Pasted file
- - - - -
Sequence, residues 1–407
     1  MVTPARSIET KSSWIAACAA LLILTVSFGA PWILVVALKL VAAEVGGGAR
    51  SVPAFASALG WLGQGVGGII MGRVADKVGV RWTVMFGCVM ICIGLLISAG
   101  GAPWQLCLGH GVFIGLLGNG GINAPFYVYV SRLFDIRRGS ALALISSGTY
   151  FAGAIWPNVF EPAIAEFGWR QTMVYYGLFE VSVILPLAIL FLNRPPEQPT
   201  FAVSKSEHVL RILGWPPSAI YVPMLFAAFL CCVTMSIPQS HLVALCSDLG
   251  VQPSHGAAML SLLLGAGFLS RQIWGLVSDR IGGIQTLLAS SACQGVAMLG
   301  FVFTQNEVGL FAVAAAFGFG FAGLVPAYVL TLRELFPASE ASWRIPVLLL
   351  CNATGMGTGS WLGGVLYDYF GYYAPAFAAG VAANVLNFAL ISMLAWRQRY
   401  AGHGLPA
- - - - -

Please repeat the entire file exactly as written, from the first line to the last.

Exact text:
Sequence, residues 1–407
     1  MVTPARSIET KSSWIAACAA LLILTVSFGA PWILVVALKL VAAEVGGGAR
    51  SVPAFASALG WLGQGVGGII MGRVADKVGV RWTVMFGCVM ICIGLLISAG
   101  GAPWQLCLGH GVFIGLLGNG GINAPFYVYV SRLFDIRRGS ALALISSGTY
   151  FAGAIWPNVF EPAIAEFGWR QTMVYYGLFE VSVILPLAIL FLNRPPEQPT
   201  FAVSKSEHVL RILGWPPSAI YVPMLFAAFL CCVTMSIPQS HLVALCSDLG
   251  VQPSHGAAML SLLLGAGFLS RQIWGLVSDR IGGIQTLLAS SACQGVAMLG
   301  FVFTQNEVGL FAVAAAFGFG FAGLVPAYVL TLRELFPASE ASWRIPVLLL
   351  CNATGMGTGS WLGGVLYDYF GYYAPAFAAG VAANVLNFAL ISMLAWRQRY
   401  AGHGLPA